Google faces lawsuit for paying $ 16,794 less than men for women

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  • A former Google employee has been granted class action status for a gender equity lawsuit against the company.
  • The four women said Google pays female staff nearly $ 17,000 less per year than men.
  • The claimants represent 10,800 women who say Google pays women less than men for the same work.
  • See more stories on the Insider business page.

Google suffered a setback Thursday as a San Francisco state judge granted class-action status to a lawsuit over unequal pay between men and women for the same work, Bloomberg first reported.

The lawsuit was first brought by four former Google workers in 2017. The women claim that Google violated California’s equal pay law “by paying female employees less than what Google pays employees. men doing substantially similar work “.

A previously leaked analysis seen by Bloomberg showed the case sought more than $ 600 million in damages.

Women represent around 10,800 women employed by Google who say the company pays more men to do the same work, according to a Filing in court in July. The court record said the search engine company paid women about $ 16,794 less per year than “the man in a similar situation.”

“Google paid women less base salary, smaller bonuses and less stock than men in the same job code and location,” the July filing said.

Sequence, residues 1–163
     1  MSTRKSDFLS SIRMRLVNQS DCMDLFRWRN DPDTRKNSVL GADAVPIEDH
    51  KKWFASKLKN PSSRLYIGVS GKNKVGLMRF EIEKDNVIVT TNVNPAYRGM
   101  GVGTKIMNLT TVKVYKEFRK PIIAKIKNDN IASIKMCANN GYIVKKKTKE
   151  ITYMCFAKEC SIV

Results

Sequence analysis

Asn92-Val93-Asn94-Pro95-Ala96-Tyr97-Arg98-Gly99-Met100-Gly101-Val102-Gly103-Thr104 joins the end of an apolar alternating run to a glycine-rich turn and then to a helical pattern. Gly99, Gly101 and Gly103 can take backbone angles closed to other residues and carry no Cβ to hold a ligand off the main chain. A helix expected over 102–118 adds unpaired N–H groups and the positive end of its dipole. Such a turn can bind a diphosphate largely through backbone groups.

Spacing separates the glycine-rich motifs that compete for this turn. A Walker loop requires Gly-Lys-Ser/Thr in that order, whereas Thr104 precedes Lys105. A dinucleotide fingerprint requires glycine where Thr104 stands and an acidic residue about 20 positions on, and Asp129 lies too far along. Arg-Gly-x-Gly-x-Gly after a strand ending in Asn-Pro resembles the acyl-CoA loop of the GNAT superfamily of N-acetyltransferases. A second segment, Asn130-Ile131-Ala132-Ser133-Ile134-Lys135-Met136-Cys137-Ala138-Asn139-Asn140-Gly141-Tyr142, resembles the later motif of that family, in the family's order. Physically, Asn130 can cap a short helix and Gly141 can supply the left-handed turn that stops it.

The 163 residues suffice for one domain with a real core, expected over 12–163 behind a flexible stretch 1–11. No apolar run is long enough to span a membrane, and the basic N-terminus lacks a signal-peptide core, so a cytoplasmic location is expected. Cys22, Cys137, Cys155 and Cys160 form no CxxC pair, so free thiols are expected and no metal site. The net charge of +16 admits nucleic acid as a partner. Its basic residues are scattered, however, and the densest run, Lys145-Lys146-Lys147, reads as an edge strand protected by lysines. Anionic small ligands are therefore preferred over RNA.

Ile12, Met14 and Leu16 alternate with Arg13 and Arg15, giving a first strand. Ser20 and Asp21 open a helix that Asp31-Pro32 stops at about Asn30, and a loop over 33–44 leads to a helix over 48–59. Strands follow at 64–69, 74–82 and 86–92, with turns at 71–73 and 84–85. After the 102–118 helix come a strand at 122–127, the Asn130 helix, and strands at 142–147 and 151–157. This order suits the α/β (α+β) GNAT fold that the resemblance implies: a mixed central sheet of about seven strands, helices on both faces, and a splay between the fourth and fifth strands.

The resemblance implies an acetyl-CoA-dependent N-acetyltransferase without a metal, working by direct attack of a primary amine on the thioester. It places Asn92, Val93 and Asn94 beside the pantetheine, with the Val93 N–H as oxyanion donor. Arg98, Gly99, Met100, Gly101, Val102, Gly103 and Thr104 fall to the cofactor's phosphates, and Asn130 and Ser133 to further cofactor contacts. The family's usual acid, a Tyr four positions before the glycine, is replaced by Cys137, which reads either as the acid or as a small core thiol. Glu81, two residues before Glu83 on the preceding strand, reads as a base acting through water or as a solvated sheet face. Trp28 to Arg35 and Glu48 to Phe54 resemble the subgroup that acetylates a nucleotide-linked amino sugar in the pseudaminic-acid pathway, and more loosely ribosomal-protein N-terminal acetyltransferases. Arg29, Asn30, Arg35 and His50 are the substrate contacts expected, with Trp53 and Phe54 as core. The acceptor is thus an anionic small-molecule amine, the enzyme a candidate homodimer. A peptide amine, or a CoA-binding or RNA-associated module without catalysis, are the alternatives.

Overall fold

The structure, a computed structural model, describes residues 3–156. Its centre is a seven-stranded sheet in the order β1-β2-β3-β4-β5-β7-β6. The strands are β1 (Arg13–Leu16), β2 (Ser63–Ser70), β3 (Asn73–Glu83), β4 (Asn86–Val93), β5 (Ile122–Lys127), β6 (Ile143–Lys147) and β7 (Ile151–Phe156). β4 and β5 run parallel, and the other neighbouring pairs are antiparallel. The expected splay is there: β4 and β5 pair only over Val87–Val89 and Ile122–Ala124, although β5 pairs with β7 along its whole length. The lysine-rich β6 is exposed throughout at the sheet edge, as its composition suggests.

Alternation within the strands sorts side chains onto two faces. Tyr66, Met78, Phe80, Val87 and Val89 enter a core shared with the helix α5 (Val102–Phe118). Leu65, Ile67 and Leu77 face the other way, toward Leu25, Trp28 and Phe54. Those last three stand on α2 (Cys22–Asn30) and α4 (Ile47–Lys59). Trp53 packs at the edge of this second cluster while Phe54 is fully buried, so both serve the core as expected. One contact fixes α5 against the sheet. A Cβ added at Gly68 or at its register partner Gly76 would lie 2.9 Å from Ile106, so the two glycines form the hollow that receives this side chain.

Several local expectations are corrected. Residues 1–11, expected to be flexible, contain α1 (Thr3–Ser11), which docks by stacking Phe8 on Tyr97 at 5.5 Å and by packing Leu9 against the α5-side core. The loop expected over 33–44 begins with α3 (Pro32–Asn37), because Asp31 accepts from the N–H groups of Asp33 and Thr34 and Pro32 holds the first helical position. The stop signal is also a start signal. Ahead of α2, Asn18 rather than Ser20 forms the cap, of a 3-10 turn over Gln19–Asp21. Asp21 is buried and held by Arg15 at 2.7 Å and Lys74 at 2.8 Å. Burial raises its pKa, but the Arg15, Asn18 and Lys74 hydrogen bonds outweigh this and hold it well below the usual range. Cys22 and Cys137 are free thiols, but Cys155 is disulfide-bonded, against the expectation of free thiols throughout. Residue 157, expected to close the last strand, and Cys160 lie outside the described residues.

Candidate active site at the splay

“We strongly believe in the fairness of our policies and practices,” a Google spokesperson told Insider. “Over the past eight years, we have conducted a rigorous pay equity analysis to ensure that salaries, bonuses and stock awards are fair. If we see any differences in the proposed compensation, including between men and women, we make upward adjustments to remove them before new compensation takes effect. In 2020 alone, we made upward adjustments for 2,352 employees, in almost every demographic category, for a total of $ 4.4 million. We also undertake rigorous analysis to ensure fairness in role leveling and performance ratings. “

Kelly Dermody, a lawyer representing the women, said in an email to Bloomberg that the next step is to bring the case to trial, which could take place in 2022.

“This is an important day for women at Google and in the tech industry, and we’re very proud of our brave customers for leading the way,” said Dermody. “This ordinance shows that it is essential for companies to prioritize paying women fairly rather than spending money fighting them in litigation.”

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